DARPA unveils ‘COVID microchip,’ claims not for surveillance purposes

DARPA unveils ‘COVID microchip,’ claims not for surveillance purposes

WASHINGTON, DC – JULY 2: A model of COVID-19, known as coronavirus, is seen July 2, 2020 on Capitol Hill in Washington, DC. (Photo by Saul Loeb-Pool/Getty Images)

OAN Newsroom
UPDATED 7:18 PM PT – Monday, April 12, 2021

The Pentagon unveiled a coronavirus microchip that it claims can detect illness and prevent the spread of COVID-19.

“The tiny green thing in there, you put it underneath your skin and what that tells you is that there are chemical reactions going on inside the body. And that signal means you’re going to have symptoms tomorrow,” retired Col. Matt Hepburn, an army infectious disease physician said.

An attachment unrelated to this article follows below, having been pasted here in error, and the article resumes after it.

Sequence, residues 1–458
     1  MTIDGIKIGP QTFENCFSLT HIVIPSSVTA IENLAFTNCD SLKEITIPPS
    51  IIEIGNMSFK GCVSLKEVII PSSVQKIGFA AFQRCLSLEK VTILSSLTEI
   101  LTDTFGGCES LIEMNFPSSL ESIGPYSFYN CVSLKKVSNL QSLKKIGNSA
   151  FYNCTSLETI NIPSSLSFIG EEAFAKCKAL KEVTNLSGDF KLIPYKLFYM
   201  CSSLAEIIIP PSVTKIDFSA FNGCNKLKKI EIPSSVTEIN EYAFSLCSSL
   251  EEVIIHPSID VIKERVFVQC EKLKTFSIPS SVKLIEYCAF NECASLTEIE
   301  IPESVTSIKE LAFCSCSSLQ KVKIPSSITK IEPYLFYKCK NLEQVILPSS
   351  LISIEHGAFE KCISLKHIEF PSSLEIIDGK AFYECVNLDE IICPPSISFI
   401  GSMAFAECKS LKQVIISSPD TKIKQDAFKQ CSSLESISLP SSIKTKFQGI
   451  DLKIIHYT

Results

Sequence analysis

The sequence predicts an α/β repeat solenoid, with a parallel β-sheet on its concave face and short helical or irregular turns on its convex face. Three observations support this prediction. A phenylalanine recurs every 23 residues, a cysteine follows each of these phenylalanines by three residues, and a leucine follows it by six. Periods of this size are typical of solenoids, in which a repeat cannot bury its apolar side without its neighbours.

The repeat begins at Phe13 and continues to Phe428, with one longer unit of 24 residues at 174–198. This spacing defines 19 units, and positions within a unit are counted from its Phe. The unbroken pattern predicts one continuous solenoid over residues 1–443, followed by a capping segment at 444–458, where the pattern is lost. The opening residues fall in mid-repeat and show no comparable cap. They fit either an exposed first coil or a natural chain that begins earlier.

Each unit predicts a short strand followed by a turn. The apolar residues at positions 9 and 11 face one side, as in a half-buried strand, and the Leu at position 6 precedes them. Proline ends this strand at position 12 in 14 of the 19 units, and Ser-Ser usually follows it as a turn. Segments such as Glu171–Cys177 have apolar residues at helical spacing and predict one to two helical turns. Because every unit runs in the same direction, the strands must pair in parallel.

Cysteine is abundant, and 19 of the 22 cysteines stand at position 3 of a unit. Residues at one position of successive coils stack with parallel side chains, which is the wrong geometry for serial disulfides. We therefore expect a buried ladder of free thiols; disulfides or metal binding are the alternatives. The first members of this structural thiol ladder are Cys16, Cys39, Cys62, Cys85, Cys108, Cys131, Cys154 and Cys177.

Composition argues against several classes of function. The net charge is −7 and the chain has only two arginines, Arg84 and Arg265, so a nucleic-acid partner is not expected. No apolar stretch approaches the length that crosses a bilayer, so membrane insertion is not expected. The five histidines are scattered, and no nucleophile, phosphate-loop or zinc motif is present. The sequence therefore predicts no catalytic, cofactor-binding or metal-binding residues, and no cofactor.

The implant was developed by the Defense Advanced Research Projects Agency, or DARPA, which claimed the device can not be used for surveillance purposes.

However, the idea to microchip humans due to COVID-19 appears to prove so-called “conspiracy theorists” were right all along.

Hepburn compared the microchip to a check engine light.

“We can have that information in three to five minutes. As you truncate that time, as you diagnose and treat, what you do is you stop the infection in its tracks,” Hepburn explained.

DARPA claimed COVID microchipping would only be used in the military, and there’s no plans for a civilian use of the device.

Critics have said the Democrat Party could mandate such microchipping on a broader scale.

MORE NEWS: Biden’s Budget Deficit Hits Record $1.7T As Spending Soars



Source link

Like this article?

Share on facebook
Share on Facebook
Share on twitter
Share on Twitter
Share on linkedin
Share on Linkdin
Share on pinterest
Share on Pinterest

Leave a comment